Real property may be owned by a sole owner, or it may be owned concurrently by two or more persons. The types of concurrent ownership, explained below, are: (1) tenancy in common; (2) joint tenancy; (3) community property; (4) community property with Right of Survivorship.
Tenancy in Common
In tenancy in common, each owner’s interest in the property may be any fraction of the whole. Thus one party may own one-tenth, another three-tenths and a third party may own the remaining three-fifths. There is no right of survivorship; each “tenant in common” owns a defined interest, which upon his/her death, passes to that owner’s heirs.
Joint tenancy exists when two or more persons are joint and equal owners of the same, undivided interest in a specified property. The main characteristic of a joint tenancy is the right of survivorship. When a “joint tenant” dies, their interest in the property is terminated and the estate continues in the name of the survivor.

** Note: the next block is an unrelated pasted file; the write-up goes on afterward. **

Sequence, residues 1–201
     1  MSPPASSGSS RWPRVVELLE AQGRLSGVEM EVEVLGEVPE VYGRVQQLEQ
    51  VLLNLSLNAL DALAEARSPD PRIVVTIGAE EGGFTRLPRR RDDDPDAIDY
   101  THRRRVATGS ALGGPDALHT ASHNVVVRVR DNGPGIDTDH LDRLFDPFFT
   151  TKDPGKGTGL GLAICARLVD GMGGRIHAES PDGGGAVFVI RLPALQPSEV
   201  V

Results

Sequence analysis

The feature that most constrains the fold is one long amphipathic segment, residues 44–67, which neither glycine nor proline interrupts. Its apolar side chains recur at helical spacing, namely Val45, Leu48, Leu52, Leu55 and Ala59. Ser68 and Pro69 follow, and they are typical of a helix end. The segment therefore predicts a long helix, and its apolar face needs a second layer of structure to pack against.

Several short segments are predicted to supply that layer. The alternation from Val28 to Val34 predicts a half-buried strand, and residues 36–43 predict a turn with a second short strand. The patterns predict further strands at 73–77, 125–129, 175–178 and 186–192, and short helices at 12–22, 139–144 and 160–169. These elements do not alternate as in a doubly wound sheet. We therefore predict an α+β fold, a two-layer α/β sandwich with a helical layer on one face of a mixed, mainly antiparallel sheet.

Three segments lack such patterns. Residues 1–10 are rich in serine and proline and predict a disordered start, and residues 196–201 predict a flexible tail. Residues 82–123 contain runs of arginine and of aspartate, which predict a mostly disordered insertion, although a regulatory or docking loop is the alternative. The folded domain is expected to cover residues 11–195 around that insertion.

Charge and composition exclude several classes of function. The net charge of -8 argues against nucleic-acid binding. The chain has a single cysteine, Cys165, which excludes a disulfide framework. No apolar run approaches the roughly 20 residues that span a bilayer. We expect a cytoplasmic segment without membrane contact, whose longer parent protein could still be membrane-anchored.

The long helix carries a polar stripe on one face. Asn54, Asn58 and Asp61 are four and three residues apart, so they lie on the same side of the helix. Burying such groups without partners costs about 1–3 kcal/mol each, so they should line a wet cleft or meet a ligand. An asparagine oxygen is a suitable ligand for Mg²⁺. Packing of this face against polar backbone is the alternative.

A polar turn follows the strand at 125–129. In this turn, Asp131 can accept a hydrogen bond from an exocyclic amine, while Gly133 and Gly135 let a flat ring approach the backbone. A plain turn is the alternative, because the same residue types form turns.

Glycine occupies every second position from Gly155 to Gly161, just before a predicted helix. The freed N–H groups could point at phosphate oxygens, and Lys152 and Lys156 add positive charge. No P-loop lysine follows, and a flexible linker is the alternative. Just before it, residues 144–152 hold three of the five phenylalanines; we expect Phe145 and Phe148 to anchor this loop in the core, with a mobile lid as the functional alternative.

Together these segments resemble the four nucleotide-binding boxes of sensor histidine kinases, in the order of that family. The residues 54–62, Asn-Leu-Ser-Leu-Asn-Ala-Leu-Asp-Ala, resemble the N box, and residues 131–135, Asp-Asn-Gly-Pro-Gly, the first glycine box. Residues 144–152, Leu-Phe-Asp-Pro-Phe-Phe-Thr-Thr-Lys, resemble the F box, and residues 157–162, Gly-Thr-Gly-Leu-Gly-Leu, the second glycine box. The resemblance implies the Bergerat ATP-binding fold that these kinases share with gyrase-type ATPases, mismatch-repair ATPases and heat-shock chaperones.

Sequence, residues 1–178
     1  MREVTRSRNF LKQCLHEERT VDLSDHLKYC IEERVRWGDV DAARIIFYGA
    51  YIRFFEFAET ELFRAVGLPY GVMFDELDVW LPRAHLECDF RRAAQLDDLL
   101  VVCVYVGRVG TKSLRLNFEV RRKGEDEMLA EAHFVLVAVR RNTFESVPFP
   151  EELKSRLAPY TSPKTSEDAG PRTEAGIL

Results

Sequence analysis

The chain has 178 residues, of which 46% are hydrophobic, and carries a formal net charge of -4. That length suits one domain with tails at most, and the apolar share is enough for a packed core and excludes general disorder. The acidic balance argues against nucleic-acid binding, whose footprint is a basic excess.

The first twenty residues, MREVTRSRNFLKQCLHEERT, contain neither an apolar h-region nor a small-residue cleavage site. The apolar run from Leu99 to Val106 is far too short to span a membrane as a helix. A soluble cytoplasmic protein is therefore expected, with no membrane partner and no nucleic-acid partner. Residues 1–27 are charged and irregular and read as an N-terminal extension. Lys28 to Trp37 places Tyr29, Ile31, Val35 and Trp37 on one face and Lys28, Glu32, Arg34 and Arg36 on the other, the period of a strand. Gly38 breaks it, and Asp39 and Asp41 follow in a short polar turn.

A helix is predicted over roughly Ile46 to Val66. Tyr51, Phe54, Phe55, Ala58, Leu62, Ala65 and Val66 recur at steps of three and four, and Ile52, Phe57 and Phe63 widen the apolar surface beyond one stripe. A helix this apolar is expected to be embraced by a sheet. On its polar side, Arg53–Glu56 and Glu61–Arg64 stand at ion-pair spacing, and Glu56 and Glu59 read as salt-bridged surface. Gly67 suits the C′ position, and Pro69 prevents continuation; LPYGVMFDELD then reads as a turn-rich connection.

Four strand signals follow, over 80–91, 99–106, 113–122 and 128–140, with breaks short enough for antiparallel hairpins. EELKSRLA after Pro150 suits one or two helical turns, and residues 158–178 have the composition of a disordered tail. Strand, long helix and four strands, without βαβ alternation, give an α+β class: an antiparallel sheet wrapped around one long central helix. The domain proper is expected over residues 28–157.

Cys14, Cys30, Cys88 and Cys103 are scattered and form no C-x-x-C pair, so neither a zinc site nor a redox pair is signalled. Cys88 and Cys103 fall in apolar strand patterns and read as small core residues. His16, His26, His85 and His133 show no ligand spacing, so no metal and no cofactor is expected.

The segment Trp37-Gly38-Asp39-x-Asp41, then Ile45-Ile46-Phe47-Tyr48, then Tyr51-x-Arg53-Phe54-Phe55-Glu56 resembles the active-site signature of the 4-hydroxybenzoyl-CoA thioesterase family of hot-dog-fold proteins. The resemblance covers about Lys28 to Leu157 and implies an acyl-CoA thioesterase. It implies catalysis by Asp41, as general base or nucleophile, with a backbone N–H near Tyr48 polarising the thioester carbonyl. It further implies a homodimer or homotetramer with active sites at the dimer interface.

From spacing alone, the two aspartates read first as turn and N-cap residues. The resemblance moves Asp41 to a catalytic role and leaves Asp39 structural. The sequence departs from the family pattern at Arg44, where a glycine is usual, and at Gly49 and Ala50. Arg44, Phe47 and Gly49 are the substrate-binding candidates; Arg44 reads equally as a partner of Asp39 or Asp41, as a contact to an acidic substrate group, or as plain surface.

In general, community property refers to everything that two spouses own together. So when title to a house is taken as “community property,” it means that the spouses own the house together, with no division of interest. Persons who are not married to each other cannot hold community property together.
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Community Property with Right of Survivorship
An act passed in 2001 allowed married couples in California to own real and personal property in a new form of holding title: “Community Property with Right of Survivorship.” The act also provided that the community property of two spouses, when expressly declared in the transfer document to be community property with right of survivorship, shall pass to the surviving spouse without having to first pass through the administration of the estate (probate). This form of ownership provides the best tax treatment of property in the event of death of a married person, and is the primary reason the statue was enacted.